By Sydney J. Freedberg Jr.
Time-honored principles of command get weird when you add the fundamentally alien thinking of an artificial intelligence.
(C4ISRNET) Pentagon leaders have become increasingly interested in the need for innovation, meaning the new technology that comes from Silicon Valley but also the game-changing advantages that can come from the Defense Advanced Research Projects Agency.
By Christian Brose, Foreign Affairs: “In 1898, a Polish banker and self-taught military expert named Jan Bloch published The Future of War, the culmination of his long obsession with the impact of modern technology on warfare."
By Bryan McGrath, CIMSEC: “No element of modern seapower is more worthy of evolution than the operational relationship between the Navy and Marine Corps."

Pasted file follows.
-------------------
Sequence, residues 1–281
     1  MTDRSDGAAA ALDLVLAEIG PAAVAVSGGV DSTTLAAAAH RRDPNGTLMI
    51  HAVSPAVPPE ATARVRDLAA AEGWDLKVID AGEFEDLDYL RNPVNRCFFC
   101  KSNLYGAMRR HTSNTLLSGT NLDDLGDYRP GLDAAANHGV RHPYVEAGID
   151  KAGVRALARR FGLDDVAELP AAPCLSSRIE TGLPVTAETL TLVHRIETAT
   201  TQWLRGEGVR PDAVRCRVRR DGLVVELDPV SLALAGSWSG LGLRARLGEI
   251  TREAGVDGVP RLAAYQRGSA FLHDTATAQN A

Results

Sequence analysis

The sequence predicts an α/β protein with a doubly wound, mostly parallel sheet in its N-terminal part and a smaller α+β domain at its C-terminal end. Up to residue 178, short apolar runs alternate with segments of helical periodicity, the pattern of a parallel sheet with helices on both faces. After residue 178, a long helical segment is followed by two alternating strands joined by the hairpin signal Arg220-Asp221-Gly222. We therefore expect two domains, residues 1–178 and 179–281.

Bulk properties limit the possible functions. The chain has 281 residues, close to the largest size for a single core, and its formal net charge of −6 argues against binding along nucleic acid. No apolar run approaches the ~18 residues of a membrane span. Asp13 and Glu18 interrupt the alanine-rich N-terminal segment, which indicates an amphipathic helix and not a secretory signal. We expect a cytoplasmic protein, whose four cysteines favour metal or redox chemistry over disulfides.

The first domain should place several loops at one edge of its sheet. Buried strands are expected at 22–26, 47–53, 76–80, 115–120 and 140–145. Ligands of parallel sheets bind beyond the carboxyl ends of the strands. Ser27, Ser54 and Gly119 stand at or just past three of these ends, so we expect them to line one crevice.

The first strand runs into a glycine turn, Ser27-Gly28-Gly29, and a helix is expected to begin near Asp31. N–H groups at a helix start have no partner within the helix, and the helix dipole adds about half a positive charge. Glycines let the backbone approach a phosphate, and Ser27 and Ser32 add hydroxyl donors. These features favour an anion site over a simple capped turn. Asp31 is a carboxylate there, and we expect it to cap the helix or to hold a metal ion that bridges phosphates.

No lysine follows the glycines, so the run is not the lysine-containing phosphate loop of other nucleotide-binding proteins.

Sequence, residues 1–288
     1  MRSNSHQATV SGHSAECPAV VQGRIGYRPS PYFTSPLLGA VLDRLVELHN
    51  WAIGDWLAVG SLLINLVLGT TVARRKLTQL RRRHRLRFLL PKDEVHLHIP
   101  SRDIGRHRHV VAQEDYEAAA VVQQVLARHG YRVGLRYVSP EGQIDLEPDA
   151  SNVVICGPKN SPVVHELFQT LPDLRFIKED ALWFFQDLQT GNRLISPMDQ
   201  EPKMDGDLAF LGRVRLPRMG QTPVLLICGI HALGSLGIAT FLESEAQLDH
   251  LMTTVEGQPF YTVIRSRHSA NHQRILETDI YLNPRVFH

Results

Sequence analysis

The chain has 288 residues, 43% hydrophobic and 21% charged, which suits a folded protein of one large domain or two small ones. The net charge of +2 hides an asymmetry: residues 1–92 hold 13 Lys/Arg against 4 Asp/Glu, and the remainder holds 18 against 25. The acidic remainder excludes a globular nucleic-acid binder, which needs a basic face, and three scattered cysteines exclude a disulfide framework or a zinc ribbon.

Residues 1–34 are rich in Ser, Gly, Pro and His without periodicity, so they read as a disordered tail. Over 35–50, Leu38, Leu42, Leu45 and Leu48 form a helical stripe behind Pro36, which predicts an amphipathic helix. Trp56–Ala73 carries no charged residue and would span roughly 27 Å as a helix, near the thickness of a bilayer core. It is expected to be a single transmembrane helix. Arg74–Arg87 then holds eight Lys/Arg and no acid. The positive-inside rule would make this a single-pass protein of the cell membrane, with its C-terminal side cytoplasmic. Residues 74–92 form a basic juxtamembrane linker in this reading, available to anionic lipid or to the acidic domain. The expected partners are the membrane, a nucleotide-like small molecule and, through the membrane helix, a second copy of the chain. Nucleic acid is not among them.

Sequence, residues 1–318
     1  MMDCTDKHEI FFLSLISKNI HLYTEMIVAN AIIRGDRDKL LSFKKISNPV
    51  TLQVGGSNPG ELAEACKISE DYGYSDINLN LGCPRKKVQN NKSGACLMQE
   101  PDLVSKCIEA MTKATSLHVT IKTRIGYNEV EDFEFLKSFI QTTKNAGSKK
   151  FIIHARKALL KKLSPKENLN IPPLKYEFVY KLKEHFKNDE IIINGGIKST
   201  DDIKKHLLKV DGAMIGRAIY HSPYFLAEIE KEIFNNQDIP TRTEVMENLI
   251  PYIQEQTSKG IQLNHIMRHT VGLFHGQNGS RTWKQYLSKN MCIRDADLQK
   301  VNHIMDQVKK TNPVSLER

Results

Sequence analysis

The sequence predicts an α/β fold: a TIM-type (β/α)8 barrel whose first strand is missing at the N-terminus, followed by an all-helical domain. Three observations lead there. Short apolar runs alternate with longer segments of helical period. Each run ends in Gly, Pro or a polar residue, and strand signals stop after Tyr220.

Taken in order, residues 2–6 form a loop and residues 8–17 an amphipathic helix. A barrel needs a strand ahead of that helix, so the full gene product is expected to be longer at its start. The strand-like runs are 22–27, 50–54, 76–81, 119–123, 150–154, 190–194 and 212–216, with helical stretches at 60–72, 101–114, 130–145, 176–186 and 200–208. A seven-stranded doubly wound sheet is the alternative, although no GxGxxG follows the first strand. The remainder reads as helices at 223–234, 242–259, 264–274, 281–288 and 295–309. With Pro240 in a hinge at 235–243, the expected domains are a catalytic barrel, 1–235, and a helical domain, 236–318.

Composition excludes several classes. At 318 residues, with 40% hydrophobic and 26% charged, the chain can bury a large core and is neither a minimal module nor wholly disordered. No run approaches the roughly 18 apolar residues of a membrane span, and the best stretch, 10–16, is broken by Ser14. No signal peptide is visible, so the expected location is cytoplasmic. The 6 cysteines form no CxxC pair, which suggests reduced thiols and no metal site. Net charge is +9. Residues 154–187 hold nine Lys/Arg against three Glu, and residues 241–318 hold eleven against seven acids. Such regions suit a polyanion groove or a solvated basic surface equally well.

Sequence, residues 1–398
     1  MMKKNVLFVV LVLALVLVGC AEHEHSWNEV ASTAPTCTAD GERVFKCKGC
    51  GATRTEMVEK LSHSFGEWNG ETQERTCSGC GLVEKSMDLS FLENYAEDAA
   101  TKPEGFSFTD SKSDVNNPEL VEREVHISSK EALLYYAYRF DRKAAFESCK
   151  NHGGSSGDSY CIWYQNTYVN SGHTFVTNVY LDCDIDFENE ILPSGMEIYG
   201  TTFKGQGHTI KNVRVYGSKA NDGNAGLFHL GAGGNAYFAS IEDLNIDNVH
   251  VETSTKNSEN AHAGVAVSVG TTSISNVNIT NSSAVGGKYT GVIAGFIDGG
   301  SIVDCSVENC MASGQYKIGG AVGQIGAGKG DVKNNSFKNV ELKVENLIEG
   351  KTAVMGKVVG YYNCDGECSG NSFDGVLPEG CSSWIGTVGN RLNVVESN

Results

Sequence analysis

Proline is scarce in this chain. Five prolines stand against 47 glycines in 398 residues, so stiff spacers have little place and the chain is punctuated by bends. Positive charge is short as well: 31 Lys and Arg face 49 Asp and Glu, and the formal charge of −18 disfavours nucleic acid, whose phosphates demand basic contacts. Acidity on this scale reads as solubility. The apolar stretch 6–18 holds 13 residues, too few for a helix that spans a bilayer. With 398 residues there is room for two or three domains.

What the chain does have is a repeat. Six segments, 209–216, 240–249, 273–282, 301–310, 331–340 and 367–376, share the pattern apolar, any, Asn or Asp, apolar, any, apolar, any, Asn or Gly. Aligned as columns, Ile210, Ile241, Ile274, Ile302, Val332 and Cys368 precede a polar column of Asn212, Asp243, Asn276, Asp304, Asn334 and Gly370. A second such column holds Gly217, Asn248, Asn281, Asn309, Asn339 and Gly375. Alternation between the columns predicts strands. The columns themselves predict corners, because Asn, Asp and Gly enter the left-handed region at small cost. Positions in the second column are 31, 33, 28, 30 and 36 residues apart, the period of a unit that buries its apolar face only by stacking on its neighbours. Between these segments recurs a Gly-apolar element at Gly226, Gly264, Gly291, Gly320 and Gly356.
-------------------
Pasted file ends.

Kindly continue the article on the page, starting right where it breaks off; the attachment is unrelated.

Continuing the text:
By Mark Thompson, POGO: "The Pentagon pushes for fission for fighting."
(Modern War Institute ) Cities matter. They matter for fighting climate change, for fighting pandemics, and, as the Urban Warfare Project continues to demonstrate, they matter for the future of fighting itself. The heightened importance of urban spaces results from demographic developments, with the global population advancing toward 70 percent living in urban areas by 2050, and from recent trends in terrorism, counterinsurgency and stabilization efforts. Both people and the fight are converging on cities.